Editor’s note: This article was initially published in The Daily Gazette, Swarthmore’s online, daily newspaper founded in Fall 1996. As of Fall 2018, the DG has merged with The Phoenix. See the about page to read more about the DG.
This November, I ran the Philadelphia Half Marathon. If you had told me that I was going to do so just a few months ago, I wouldn’t have believed you.
“Final call for the boys’ 1600 meter run!”
In middle school, when I heard those words, all I could think about were the things I’d rather be doing than running a race: being punched in the face, throwing up, breaking a bone, etc. I’ve never felt more intense anxiety than I have in the moments leading up to a track race. Anyone who’s ever run one is familiar with this feeling.
I’ve been running on-and-off since I was 10. There’ve been times when I’ve run nearly every day, and times when I’ve gone for months without a single run. For a long time, there was one thing about running that never seemed to change: it was a total drag. I’d spend more time on a Saturday morning watching “just one more” YouTube video than actually running. From the second I stepped out the door, I would just be waiting for the clock to wind down.
Earlier this semester, I had a conversation with a friend of mine, Nathan Pitock, in which he mentioned that he was running the Philly half marathon this November. The first thing I thought to myself was, “Holy shit, Nathan must be a really good runner. I could never do that.”
At that time, I was running around 6 miles a week. I thought about how I had been running on and off for so long, but often struggled to enjoy it. I wanted to run more, and I wanted to learn to love it.
On the last Saturday of fall break, I went out for a run. This time, I thought about how I had been spending my time at college so far and how I wanted to spend it going forward, not about how much farther I had to go. I ended up running five miles — the longest I had run in a very long time. The next day, I ran seven — the longest I had ever run — and felt great. I decided that I was going to stick with it.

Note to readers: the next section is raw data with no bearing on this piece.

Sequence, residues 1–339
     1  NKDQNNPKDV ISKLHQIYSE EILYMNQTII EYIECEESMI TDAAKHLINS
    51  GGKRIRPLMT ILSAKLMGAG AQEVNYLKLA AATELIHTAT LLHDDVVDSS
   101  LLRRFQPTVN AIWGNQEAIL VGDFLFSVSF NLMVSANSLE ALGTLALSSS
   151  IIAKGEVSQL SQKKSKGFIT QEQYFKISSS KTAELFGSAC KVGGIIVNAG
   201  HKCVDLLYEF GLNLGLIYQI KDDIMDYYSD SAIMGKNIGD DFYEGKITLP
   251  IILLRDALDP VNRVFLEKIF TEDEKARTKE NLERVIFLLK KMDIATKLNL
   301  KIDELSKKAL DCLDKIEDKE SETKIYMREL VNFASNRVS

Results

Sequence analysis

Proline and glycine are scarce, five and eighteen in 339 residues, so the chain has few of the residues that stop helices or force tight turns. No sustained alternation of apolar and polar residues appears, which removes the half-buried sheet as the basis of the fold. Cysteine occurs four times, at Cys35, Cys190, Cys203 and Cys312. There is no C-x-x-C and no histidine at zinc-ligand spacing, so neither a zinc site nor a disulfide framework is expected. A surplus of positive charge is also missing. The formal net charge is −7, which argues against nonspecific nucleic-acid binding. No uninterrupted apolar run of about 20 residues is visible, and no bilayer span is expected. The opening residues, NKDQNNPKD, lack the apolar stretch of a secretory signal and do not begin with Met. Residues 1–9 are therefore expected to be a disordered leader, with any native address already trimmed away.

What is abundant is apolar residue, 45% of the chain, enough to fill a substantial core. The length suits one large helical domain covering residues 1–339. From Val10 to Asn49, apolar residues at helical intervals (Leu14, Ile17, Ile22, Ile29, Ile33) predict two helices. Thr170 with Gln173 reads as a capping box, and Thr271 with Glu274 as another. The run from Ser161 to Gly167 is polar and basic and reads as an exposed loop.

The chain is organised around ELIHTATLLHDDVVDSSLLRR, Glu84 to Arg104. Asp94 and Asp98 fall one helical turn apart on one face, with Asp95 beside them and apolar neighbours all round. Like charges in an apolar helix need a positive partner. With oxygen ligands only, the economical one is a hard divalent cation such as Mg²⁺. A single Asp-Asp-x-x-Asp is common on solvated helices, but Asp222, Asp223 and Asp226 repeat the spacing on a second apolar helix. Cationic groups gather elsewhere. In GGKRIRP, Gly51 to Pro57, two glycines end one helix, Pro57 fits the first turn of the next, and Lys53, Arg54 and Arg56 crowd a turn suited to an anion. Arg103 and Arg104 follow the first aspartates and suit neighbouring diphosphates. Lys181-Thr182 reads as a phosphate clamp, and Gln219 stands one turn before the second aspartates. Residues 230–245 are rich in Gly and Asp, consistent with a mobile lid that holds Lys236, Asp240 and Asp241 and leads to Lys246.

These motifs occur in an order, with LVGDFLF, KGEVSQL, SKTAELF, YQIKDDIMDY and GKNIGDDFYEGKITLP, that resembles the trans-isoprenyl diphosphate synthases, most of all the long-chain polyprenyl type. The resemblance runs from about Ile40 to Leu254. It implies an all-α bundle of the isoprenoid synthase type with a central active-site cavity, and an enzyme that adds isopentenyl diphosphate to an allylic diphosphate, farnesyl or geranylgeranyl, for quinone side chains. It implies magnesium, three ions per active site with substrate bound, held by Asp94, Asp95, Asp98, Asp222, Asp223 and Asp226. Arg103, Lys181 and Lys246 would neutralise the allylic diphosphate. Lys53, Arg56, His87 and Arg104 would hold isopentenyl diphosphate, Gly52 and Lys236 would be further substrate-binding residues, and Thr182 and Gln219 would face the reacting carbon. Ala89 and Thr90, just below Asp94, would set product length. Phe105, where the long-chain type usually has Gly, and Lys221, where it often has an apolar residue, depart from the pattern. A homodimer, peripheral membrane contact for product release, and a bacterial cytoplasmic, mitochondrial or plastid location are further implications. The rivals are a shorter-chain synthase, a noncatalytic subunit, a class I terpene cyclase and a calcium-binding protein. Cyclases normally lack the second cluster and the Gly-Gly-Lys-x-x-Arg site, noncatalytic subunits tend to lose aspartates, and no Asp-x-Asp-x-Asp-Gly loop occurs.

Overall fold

When I got back to campus, I began to entertain the idea of running the half marathon myself. I was running more than I ever had before — around 30 miles per week. On Halloween, I saw a 20% discount code for the half marathon registration on Facebook, so I signed up.
I spent the next few weeks training. I didn’t procrastinate before my runs, and I didn’t let myself get into a mental debate on whether or not I should run. I looked forward to my daily hour of introspection, chatting with a friend, listening to great music, or totally zoning out.
The Sunday before the race, I ran ten miles, and it felt absolutely fantastic. I knew I was ready to tackle 13.1 miles the next week.
So, the next weekend, I ran through a beautiful city surrounded by happy people holding up funny signs for 13.1 miles. I had lots of fun and felt great (except for the last few miles… those were pretty tough). I’ve been running in the few weeks since the race, and I don’t plan on stopping any time soon.
For a long time, I felt intimidated by others’ ability to run for a lot longer and faster than I thought I could, and by the seemingly-intense nature of running culture. I imagine a lot of others feel the same way.
There are many reasons why people choose to run: fitness, competition, stress-relief, personal fulfillment, socialization, solitude, and contemplation, to name a few. Some say that to be a runner, you have to be crazy enough to enjoy the pain. I disagree; some runners are this way, but many others choose to run comfortably, and many fall somewhere in between. All reasons for and ways of running are equally legitimate.
Running is an intensely personal activity; every runner is in complete control of his or her own experience. I believe that if you recognize this, you can find a way to run that will bring you joy.
The notorious slow-running advocate John Bingham once said, “If you run, you’re a runner.” I couldn’t agree more. There are plenty of runners who run a lot faster for a lot longer than I do, and I’m totally okay with that. I’ve been lucky enough to find an approach to running that works for me, and I encourage others to try to find one of their own.
If you’d like to try running out for yourself, or already run and are looking for a group of people to run with, shoot me an email (firstname.lastname@example.org). I am in the process of forming a running club, and I’d love for you to come out and run with us!